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Near-Infrared Single-Photon Detection

Written By

Guang Wu, E Wu, Xiuliang Chen, Haifeng Pan and Heping Zeng

Submitted: 08 November 2010 Published: 29 July 2011

DOI: 10.5772/20323

From the Edited Volume

Photodiodes - World Activities in 2011

Edited by Jeong-Woo Park

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1. Introduction

With the rapid increase of research interest in quantum information (Bennett&Brassard, 1984; Gisin et al., 2002; Knill et al., 2001), the near-infrared single-photon detection received a great boost not only in inventing (or improving) basic devices, but also in improving operation techniques on the conventional devices. Especially, in the application of quantum key distribution (Bennett&Brassard, 1984; Gisin et al., 2002), practical single-photon detectors (SPDs) with small size, operating at room-temperature are in great need.

Avalanche photodiodes (APDs) are usually used to build SPDs. Avalanche photodiodes (APDs) have internal gain due to a process of impact ionization that leads to multiple electron-hole pairs per input photon. Applying a large reverse voltage to the APD will result in a large multiplication gain, until the breakdown voltage (Vbr) is reached. Usually, the output photocurrent of the APDs is linearly proportional to the intensity of the optical input when the bias voltage is below Vbr, and this mode is called as “linear mode”. When the bias voltage is larger than Vbr, the electron-hole generation process can become self-sustaining and result in a runaway avalanche, then a single photoexicited carrier can induce a runaway avalanche that gives rise to a detectable macroscopic current, and this mode is called as “Geiger mode”. Si-APD SPD exhibits excellent performance with the spectral range from 400 to 1000 nm. Si APD is typically operated in free-running mode. Its detection efficiency is as high as 70% around 700 nm with the dark count rate (DCR) of 10-100 counts per second (Stipčević et al., 2010). InGaAs/InP APD has a spectrum response range from 1200 to 1700 nm, covering the fiber optical communication window at 1310 and 1550 nm. However, InGaAs/InP-APD SPD has a large dark count (e.g. DCR~105 per second) and afterpulsing effect. Especially, the serious afterpulsing effect of the InGaAs/InP APD limits the application of high-speed detection. In order to improve its performance, an InGaAs/InP APD is usually operated in gated Geiger mode to suppress dark counts and afterpulsing effect. Recently, (Yuan et al., 2007; Namekata et al., 2006) reported self-cancellation and sine-wave techniques, which exhibited great improvements on the InGaAs/InP-APD SPD. The single-photon detection speed was increased significantly from megahertz to gigahertz.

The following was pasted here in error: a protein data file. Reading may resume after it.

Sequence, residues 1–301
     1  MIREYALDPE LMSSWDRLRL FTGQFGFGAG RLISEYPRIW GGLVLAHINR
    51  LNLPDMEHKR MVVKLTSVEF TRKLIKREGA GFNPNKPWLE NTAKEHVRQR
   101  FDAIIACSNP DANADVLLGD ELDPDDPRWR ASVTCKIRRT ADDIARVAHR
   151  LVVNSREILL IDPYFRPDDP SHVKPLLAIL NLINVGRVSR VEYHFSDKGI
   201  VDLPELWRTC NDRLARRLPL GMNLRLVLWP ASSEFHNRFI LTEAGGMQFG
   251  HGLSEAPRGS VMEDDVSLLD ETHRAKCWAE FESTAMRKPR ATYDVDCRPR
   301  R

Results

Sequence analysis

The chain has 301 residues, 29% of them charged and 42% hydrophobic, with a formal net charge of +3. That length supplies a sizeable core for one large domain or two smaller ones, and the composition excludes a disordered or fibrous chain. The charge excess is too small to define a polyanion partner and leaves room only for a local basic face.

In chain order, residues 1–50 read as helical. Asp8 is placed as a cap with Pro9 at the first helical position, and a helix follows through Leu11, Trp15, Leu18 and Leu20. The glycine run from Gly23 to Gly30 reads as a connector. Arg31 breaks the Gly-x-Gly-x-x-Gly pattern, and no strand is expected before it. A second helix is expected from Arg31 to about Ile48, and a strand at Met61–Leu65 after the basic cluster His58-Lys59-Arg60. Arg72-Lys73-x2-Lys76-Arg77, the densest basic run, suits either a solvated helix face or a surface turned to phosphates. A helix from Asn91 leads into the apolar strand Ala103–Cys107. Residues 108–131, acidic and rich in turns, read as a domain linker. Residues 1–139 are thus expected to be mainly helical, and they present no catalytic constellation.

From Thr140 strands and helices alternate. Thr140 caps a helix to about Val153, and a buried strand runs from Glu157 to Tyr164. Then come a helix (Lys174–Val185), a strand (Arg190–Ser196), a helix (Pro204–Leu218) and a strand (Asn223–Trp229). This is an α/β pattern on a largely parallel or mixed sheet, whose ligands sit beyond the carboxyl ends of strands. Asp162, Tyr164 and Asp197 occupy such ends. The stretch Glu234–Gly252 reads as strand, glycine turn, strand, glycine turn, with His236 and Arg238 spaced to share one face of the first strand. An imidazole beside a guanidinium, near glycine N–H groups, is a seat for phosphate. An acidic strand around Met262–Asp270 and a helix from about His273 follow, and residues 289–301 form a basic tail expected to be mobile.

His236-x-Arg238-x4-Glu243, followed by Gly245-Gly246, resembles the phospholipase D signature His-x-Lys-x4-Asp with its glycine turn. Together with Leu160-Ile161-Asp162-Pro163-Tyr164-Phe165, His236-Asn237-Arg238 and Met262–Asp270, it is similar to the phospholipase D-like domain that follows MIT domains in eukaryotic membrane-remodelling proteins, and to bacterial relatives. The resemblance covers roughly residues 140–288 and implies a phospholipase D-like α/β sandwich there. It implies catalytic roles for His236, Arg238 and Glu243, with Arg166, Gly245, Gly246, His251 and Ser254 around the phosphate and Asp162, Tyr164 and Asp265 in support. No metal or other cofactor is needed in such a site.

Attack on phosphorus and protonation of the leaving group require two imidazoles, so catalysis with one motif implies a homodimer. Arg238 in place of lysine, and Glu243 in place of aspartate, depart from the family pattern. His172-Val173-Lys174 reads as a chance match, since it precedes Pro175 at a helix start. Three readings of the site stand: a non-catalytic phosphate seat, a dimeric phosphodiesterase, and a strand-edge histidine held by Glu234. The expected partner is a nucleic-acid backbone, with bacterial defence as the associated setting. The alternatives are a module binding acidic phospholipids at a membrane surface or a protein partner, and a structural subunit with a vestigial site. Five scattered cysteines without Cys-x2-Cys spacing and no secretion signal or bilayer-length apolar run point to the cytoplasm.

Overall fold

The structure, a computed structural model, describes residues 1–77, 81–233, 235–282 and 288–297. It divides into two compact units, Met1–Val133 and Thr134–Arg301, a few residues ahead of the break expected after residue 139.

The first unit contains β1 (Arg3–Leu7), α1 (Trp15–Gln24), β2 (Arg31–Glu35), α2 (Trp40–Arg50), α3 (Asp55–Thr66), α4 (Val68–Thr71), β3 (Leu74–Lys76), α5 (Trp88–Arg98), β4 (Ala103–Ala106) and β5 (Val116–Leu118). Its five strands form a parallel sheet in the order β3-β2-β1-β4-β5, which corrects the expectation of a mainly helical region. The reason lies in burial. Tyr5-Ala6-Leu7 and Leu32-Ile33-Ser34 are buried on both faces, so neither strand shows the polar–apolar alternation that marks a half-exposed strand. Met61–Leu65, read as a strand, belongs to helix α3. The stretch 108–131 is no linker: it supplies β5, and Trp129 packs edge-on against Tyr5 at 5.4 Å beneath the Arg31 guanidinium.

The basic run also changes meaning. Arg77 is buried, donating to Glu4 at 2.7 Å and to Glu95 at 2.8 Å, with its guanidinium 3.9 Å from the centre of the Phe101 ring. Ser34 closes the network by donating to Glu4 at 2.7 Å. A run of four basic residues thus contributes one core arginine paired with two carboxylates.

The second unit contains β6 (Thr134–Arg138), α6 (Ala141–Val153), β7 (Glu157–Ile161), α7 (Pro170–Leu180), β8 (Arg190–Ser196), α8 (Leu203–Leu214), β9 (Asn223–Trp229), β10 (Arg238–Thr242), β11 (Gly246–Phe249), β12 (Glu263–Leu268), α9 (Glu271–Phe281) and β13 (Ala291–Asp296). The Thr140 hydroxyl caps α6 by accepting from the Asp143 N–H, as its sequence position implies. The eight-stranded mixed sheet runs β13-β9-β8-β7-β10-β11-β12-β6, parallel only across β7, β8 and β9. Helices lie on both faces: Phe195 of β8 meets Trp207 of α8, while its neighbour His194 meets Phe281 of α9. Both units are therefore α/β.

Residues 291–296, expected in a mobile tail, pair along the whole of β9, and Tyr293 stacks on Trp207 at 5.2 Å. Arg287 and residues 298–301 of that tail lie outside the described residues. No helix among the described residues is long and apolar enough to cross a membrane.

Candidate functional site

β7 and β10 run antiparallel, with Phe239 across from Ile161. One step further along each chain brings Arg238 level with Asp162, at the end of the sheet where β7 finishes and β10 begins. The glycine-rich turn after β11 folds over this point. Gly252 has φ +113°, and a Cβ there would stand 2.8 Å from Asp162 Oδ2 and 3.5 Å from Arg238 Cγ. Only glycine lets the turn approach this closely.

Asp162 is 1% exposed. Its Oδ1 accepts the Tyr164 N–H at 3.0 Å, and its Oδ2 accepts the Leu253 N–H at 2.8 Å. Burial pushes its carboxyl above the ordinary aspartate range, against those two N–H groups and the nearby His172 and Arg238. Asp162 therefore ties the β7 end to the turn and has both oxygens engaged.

Previously, it was thought that APDs are unable to resolve the number of photons in a short time interval. (Kardynal et al., 2008) first found that by suppressing the capacitive response down to a sufficiently low level, the weak avalanche current of an InGaAs/InP APD can be discriminated in its early development before saturated. In this mode, the variation in multiplication gain of the current shows the capability of resolving photon number, called as “non-saturated” Geiger mode (Wu et al., 2009; Yuan et al., 2010). To date, some individual photon detectors have been demonstrated to exhibit interesting photon-number-resolving capability, such as visible light photon counters (Takeuchi et al., 1999), superconducting optical detectors (Miller et al., 2003; Schuster et al., 2007), and field effect transistors with quantum dots (Shields et al., 2000). All those developments have already stimulated vast promising applications although their performances are still limited by the requisite cryogenic operation.